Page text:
Home In Malaysia, Bloggers Become Politicians

In Malaysia, Bloggers Become Politicians

We’ve written a lot about the Internet’s role in American politics over the past six months as the US heads toward presidential elections next fall. How the web is playing a key role in this election cycle is a fascinating story, but the Internet is having a profound effect on politics in other parts of the world. We’ve focused on the US mainly because elections there are the most well publicized worldwide, and because the majority of RWW’s lead writers hail from America. In Malaysia, though, web users have been able to draft three popular bloggers to stand for seats in the country’s parliament.

The bloggers, Jeff Ooi, Tony Pua, and Badrul Hisham Shahari are all running on tickets in opposition to the ruling party that his been in power for about fifty years. According to Reuters, the three are hoping that popularity on the Internet will translate into support at the polls.

As we’ve seen in the US, going from Internet popularity to votes cast is a tall order to fill, and in Malaysia especially, the bloggers-turned-candidates will face a tough uphill climb to get elected. Only about on fifth of Malays have access to the Internet, yet about 42% of the country’s 26 million people are registered to vote. Because getting press attention outside of the Malaysian blogosphere is nearly impossible for these candidates, making an impression on voters will be difficult.

Though the bloggers have found a devoted readership outside of the largely pro-government mainstream press, there isn’t much faith in their ability to make much of an impact on March 8th when polls open. “Beyond the major cities like Kuala Lumpur and Penang, there’s not much the bloggers can really hope to accomplish,” Mohamad Norza Zakaria, a leader in Prime Minister Abdullah Ahmad Badawi’s UMNO party, told Reuters.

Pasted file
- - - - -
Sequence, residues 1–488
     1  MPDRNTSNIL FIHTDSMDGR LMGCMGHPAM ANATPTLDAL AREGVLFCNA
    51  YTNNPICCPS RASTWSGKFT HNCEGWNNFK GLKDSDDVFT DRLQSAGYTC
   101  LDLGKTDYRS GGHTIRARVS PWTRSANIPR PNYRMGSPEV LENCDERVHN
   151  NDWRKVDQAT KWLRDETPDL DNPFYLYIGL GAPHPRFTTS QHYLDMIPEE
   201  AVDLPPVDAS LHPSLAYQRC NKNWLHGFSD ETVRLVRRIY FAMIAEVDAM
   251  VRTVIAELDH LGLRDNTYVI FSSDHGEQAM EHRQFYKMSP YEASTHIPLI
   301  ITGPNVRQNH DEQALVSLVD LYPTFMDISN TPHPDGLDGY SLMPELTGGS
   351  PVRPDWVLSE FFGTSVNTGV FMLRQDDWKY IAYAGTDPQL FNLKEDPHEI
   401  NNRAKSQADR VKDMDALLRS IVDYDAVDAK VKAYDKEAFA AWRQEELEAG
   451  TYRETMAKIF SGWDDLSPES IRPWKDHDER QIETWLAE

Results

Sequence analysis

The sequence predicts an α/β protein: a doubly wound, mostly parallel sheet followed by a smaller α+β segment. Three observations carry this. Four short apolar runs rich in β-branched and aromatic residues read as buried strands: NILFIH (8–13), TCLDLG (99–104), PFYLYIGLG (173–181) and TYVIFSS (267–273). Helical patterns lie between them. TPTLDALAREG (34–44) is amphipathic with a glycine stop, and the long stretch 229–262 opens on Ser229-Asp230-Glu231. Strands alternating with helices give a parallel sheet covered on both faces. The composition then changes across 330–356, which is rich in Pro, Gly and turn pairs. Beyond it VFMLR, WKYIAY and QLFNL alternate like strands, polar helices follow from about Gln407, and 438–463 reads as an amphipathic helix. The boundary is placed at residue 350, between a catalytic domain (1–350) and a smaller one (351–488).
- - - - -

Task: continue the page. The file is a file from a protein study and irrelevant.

In the US last week, another blogger was nearly drafted into the political arena. Popular blogger, author, columnist, and law professor Lawrence Lessig was said to be contemplating a run for the US Congress in California’s 12th district after a Facebook group urging the run attracted over 4,000 members. Lessig announced yesterday that he would not run.

But bloggers have become the thought leaders for a new generation. Blogs are increasingly becoming hubs for political and social discourse, so it makes sense that people see bloggers whose ideas they respect and admire as viable political candidates. We’ve had an actor become president in the US, why not a blogger?

About ReadWrite’s Editorial Process

The ReadWrite Editorial policy involves closely monitoring the tech industry for major developments, new product launches, AI breakthroughs, video game releases and other newsworthy events. Editors assign relevant stories to staff writers or freelance contributors with expertise in each particular topic area. Before publication, articles go through a rigorous round of editing for accuracy, clarity, and to ensure adherence to ReadWrite's style guidelines.

Get the biggest tech headlines of the day delivered to your inbox

    By signing up, you agree to our Terms and Privacy Policy. Unsubscribe anytime.

    Tech News

    Explore the latest in tech with our Tech News. We cut through the noise for concise, relevant updates, keeping you informed about the rapidly evolving tech landscape with curated content that separates signal from noise.

    In-Depth Tech Stories

    Explore tech impact in In-Depth Stories. Narrative data journalism offers comprehensive analyses, revealing stories behind data. Understand industry trends for a deeper perspective on tech's intricate relationships with society.

    Expert Reviews

    Empower decisions with Expert Reviews, merging industry expertise and insightful analysis. Delve into tech intricacies, get the best deals, and stay ahead with our trustworthy guide to navigating the ever-changing tech market.